I appeared, off campus, for the coding test of CodeNation (CodeAgon) on Hackerrank, and got selected for the interview rounds.

Also, I got a referral for Microsoft from an alumnus of our college, Krishnan Govindraj, from the 2012 batch. The main criteria I had kept in my mind while applying to companies was the brand value of the company, as well as the fact that the company was product based.

I also gave Morgan Stanley’s Coding Round (CodeAthon) on Hackerrank, and cleared the first round of interview, but later dropped it because I had received an offer from Microsoft, by then.

 

DoJMA: How did a working day look like at Microsoft, for an intern?

Lohit: I would generally reach the office between 11 AM and 11:30 AM. On Mondays, Wednesdays and Fridays, we had a team meeting from 11:30 AM to 12 during which we gave updates on the tasks completed. After 12, we went for lunch and played table tennis or pool. Most of the work was done between 2 PM and 4 PM and  between 5 PM and 8 PM.

 

DoJMA: How was the project work handled on a day-to-day basis?

Lohit: My mentor arrived around noon, and I would update him or my manager daily, on what I had done. They guided me on what was supposed to be done next, and also gave me the freedom to choose my own approach. My teammates were more eager to try out my solution rather than imposing theirs, which was one of the best parts of the project.

First two weeks of the project were mostly about acquainting myself with work that had already been done and understanding their platform. The next three weeks were spent on working with my solution and presenting it. In the sixth week, I incorporated all the feedback given to me for my work, and I finished the project. In the 7th and 8th week, I worked on documenting my project work and ideas and presented my work.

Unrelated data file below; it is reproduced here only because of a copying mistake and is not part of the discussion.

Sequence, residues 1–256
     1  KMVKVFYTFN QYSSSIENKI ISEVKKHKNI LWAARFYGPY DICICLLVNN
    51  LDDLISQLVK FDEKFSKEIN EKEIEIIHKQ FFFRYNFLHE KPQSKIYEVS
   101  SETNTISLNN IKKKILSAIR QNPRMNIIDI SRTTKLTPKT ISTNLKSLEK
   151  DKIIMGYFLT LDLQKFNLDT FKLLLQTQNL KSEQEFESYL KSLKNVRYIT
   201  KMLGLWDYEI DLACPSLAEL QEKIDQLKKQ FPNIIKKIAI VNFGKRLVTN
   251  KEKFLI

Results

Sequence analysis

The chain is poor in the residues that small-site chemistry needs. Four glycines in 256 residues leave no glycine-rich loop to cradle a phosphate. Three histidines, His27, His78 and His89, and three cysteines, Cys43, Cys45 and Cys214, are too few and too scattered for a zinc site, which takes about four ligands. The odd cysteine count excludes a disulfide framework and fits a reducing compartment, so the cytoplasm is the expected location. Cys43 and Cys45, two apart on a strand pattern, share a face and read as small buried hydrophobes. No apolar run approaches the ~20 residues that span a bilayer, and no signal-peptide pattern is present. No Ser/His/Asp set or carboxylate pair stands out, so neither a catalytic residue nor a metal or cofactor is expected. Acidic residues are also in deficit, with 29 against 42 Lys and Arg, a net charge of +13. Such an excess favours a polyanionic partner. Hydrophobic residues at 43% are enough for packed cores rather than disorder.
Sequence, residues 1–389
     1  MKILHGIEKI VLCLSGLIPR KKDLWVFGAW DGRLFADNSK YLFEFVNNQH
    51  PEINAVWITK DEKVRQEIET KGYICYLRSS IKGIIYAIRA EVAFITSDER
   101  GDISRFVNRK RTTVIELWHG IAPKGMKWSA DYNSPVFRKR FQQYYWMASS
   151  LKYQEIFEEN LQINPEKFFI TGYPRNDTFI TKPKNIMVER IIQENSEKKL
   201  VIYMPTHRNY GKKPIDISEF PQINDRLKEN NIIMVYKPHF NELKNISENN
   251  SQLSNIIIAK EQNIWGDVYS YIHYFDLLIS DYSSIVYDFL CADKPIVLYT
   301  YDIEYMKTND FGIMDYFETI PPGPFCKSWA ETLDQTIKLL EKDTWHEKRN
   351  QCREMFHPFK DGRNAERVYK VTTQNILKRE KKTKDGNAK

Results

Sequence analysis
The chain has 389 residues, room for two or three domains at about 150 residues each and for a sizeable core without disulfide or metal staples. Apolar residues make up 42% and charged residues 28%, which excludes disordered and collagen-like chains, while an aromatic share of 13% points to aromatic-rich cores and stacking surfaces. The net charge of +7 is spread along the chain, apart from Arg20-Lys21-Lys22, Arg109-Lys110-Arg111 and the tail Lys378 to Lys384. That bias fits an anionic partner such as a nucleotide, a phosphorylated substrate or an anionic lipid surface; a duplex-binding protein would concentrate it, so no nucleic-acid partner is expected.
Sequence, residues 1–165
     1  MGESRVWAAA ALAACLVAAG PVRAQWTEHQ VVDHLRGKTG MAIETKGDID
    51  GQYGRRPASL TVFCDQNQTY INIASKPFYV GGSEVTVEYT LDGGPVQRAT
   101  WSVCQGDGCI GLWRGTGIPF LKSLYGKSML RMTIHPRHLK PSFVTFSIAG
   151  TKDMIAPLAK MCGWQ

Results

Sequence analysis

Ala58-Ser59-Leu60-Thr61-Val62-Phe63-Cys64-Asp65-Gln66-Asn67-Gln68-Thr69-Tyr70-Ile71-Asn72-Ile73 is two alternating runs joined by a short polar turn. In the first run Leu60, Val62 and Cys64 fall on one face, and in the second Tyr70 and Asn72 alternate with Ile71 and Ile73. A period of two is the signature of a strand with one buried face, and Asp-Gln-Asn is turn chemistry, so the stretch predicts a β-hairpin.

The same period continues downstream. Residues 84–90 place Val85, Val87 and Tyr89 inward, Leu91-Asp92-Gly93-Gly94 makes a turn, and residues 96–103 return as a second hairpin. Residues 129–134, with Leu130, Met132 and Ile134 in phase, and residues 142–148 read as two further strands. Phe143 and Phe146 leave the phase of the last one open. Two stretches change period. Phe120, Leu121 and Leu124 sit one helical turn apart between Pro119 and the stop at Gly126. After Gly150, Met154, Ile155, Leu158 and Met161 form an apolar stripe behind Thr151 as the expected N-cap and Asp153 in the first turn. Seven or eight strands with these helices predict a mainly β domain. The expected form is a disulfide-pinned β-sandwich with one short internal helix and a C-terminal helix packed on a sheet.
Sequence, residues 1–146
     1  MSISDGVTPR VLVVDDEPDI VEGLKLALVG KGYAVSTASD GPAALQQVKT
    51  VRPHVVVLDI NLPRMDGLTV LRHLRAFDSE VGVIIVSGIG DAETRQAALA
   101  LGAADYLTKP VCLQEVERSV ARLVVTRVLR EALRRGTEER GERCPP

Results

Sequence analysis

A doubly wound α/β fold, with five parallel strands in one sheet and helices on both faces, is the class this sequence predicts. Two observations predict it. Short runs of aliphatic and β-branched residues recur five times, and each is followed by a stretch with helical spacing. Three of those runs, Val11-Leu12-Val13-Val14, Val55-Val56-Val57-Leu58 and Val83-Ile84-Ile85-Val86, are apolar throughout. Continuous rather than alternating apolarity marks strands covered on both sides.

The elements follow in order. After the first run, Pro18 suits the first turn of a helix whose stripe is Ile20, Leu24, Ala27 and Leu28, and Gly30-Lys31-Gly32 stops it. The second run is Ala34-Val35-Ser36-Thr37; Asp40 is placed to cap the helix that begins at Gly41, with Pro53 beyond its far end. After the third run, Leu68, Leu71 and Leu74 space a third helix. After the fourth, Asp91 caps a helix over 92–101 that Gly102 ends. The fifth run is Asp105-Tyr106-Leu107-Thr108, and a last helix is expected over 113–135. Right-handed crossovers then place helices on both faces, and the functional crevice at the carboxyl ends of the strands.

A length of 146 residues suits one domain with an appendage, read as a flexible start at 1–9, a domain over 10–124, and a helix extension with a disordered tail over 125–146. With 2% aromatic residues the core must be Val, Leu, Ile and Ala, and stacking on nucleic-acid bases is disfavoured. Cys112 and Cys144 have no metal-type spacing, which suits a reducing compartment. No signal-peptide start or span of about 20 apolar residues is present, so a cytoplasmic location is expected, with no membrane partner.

DoJMA: Would you like to discuss some of the projects that you took up while you were there?

Lohit: I worked as a part of Cortana [Windows AI] Notifications Team. My project was to design and implement an algorithm that will restrict Cortana’s notifications to users’ active devices, rather than sending notifications to all devices of the users(the feature, at present), and will ensure that if the users didn’t engage within a certain frame of time, the notification will be sent to all devices. The idea was to provide a proof of concept that such a thing is practically feasible and is needed to avoid spamming of users’ devices. It will also save the cost of sending redundant notifications. Finally, I had to provide ideas/solutions on how to scale up the algorithm to support a large number of users and devices.